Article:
School Officials Roundtable Highlights Challenges and Successes of Local School Districts
Preserving a quality education in Westchester amid considerable economic challenges was the topic of discussion at a school officials roundtable organized by State Senator Suzi Oppenheimer (D-Mamaroneck) last Thursday.
Senator Oppenheimer, who chairs the Senate Education Committee, led the meeting that was aimed at bringing together school administrators, board members, teachers and PTA leaders in the 37th Senate district with key education policymakers in New York State. Joining Senator Oppenheimer were long-time NY Board of Regent Harry Phillips, who serves the counties of Westchester, Dutchess, Orange, Putnam and Rockland, and the NYS Senior Deputy Education Commissioner, Dr. John King.
A central theme of the roundtable was the need to maintain successful educational initiatives developed by local school districts, which are now threatened by state funding cuts and increased concern over escalating property taxes. School officials expressed fear that the Governor’s proposed cuts in education aid would result in the elimination of quality programs, increased class sizes and layoffs of valuable teachers and staff.
To assist school districts in this difficult economy, Senator Oppenheimer, Regent Phillips and Senior Deputy Commissioner King discussed the need to provide mandate relief to school districts and to grant them additional flexibility to consolidate services and achieve cost savings. Senator Oppenheimer has sponsored legislation to accomplish these objectives, while the Department of Education (SED) has undertaken its own review of state mandated programs with an eye towards eliminating requirements that do not fulfill their intended objectives. While Senator Oppenheimer was optimistic about Senate passage of her legislation, she encouraged school officials to express their support to the Assembly and the Governor.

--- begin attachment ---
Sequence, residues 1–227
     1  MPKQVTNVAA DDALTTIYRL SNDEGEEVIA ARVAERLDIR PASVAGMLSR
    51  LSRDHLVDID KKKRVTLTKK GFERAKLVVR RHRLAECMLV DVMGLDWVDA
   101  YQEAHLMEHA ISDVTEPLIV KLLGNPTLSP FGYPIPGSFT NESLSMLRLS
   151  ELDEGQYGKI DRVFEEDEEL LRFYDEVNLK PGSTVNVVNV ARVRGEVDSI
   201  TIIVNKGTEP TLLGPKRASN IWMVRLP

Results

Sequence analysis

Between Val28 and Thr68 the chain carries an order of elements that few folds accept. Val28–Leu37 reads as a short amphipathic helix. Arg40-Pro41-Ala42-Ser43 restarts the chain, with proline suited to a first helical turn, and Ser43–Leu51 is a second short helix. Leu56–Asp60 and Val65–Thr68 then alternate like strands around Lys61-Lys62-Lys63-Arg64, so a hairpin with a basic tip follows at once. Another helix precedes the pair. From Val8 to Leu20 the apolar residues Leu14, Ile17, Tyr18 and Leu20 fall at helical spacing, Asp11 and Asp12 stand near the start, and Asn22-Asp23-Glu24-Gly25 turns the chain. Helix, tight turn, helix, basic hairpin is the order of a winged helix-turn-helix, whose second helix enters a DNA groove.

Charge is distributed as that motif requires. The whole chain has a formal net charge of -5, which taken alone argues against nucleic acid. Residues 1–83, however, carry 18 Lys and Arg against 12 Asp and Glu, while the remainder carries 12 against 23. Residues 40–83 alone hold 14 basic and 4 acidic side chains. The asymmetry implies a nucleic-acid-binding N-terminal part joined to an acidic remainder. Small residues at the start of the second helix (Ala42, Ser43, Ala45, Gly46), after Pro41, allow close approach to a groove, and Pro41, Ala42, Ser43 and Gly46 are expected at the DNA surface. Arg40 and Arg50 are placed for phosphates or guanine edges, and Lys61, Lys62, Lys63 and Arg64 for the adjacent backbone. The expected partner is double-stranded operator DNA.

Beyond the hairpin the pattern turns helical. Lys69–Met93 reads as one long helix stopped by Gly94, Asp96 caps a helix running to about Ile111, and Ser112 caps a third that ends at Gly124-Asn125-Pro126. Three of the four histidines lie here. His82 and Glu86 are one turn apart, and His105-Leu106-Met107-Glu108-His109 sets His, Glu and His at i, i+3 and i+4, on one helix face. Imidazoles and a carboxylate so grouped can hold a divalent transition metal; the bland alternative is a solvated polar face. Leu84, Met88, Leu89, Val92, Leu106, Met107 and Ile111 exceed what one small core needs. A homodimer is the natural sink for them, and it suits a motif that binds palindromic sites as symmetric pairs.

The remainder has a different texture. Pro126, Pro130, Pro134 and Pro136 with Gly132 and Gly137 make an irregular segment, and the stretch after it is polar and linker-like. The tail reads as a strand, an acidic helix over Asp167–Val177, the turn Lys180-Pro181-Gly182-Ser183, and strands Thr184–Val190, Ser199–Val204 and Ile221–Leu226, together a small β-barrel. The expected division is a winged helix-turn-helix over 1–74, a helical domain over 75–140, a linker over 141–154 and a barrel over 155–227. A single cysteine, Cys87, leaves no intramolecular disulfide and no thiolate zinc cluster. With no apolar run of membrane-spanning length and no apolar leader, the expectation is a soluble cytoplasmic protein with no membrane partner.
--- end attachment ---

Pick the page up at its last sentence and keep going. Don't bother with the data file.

The far-reaching discussion also addressed revising the laws relating to contingency budgets, improving student assessments, updating curriculum requirements, reforming the tenure process, modifying pension requirements and closing the achievement gap for minority and disadvantaged children. School district officials at high performing districts spoke of the need to utilize state resources more effectively by targeting programs to schools that need them rather than imposing them on all schools throughout the state.
School district officials also encouraged Dr. King and the SED to visit their schools to study innovative science and other programs that were developed and achieved success in Westchester County.
“This productive roundtable continues an important dialogue between education policymakers in Albany and the educators, administrators and parents in my Senate district,” said Senator Oppenheimer. “I hope to facilitate more discussion in the future so that together we may better serve the needs of our most precious commodity – our children.”